Some lawmakers said Monday that putting Kansas at the center of a database intended to root out voter fraud might eventually put it in the middle of a lawsuit if things go wrong.
More than two dozen states compare voter rolls using the Crosscheck database of some 90 million-plus records that Kansas hosts.
Secretary of State Kris Kobach has touted Crosscheck as a way to identify voters registered in more than one state and crackdown on double-voting. He’s secured nine convictions for that crime.
In a committee briefing on security matters Monday, Democratic Rep. Jeff Pittman raised concerns that Kansas could face lawsuits or have to pay for credit monitoring services if some of the records get hacked or improperly released.
Kansas currently makes the Crosscheck program free for any state that wants to participate. Pittman said Kansas should share the liability by charging states a small fee for every record they submit.
“It just makes sense,” Pittman said. “The more records a state puts in, the more at risk we are.”
In addition, the state should cut down on how many records are sent back and forth, he said.
Some critics of Crosscheck say it produces a high number of false positives — different people who have the same names and even same dates of births.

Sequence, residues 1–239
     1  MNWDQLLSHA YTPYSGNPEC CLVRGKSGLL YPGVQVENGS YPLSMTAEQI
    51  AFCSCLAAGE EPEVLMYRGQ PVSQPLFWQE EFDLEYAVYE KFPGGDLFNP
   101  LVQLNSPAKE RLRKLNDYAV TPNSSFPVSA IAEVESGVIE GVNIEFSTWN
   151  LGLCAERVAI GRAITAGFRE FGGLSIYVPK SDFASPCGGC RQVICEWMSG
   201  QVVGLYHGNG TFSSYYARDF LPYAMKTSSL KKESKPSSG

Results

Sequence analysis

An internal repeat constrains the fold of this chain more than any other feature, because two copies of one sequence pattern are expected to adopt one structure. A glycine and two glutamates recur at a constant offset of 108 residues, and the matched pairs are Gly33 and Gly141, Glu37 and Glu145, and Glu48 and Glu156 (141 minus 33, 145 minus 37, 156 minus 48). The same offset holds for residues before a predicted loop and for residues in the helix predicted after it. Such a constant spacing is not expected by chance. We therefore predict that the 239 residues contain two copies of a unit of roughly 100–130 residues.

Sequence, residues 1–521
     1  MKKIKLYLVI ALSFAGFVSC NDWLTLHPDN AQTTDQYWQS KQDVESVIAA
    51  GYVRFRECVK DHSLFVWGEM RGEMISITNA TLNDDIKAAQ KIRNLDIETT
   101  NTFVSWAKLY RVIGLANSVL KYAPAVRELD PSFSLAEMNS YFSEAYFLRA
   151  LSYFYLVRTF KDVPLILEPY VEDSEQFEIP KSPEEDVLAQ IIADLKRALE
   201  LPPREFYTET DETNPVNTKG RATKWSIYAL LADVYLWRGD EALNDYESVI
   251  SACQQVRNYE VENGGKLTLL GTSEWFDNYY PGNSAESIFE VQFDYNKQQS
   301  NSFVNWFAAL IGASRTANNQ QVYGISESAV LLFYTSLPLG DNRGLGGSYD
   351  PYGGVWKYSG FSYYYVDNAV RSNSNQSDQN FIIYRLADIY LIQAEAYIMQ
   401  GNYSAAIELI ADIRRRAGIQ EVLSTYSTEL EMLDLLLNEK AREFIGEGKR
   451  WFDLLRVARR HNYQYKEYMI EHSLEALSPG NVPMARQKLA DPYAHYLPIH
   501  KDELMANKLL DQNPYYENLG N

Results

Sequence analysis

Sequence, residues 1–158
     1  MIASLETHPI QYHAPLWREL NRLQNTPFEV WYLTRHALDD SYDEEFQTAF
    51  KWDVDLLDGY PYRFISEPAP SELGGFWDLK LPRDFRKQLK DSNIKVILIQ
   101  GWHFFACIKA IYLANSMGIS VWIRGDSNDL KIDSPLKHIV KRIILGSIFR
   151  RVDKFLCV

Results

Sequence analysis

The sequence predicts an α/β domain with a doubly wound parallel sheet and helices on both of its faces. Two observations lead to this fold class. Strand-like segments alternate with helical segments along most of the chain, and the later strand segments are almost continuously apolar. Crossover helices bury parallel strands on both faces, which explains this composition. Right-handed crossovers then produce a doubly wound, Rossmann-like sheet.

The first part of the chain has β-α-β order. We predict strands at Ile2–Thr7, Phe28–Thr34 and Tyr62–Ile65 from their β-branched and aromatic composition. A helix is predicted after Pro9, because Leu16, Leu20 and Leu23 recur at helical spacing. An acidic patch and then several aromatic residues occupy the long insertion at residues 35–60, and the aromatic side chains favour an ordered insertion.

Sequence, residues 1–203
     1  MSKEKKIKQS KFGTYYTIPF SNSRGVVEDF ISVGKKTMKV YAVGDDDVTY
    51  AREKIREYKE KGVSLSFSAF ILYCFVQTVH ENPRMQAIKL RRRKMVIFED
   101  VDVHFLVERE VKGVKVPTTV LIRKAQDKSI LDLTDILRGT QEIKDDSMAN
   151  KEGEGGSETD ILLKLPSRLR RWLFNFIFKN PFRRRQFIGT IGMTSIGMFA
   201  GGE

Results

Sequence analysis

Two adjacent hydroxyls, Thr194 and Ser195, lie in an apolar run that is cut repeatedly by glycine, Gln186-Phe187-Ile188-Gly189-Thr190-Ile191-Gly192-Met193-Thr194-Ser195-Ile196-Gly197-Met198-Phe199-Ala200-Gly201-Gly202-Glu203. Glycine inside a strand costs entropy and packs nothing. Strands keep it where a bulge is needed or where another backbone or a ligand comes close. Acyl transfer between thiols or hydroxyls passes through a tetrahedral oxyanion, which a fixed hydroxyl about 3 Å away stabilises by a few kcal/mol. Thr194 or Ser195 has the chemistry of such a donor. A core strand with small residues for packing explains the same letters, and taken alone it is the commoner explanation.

Pittman said the secretary of state’s office should share only on the most likely matches to cut back on the number of documents transmitted and the chances of records being compromised during the process.
“Every point on the way there becomes a risk point, every point of transmission,” Pittman said.
Bryan Caskey, Kansas director of elections, said the program is working well as it is and the secretary of state’s office has no intention of charging other states.
He said they know Kobach’s high profile makes Kansas even more of a target for hackers than other states.
Caskey said the office has recently been working with federal officials to review the state’s voter database security.
“We are very cognizant of the threat that is posed to this state and to this information,” Caskey said. “It’s as secure as we can make it.”
Kansas delayed new data submissions to Crosscheck this year because of the security review.
Caskey wouldn’t reveal details of the state’s security measures, but he said one example is that voting equipment is not connected to the internet.
Republican Rep. Keith Esau is one of the candidates running for secretary of state and he chairs the House Elections Committee. He said the concerns brought up in the committee were overblown.
“I don’t have any concerns about the security at the secretary of state’s office,” Esau said. “The risk is extremely low with our voter registration and Crosscheck system.”
Voter data for nearly 1,000 Kansans provided through Crosscheck, including partial social security numbers, was incorrectly released last year in Florida. Kobach’s office said releasing the information was a mistake by a Florida official.
Stephen Koranda is Statehouse reporter for Kansas Public Radio, a partner in the Kansas News Service. Follow him on Twitter @KPRKoranda.
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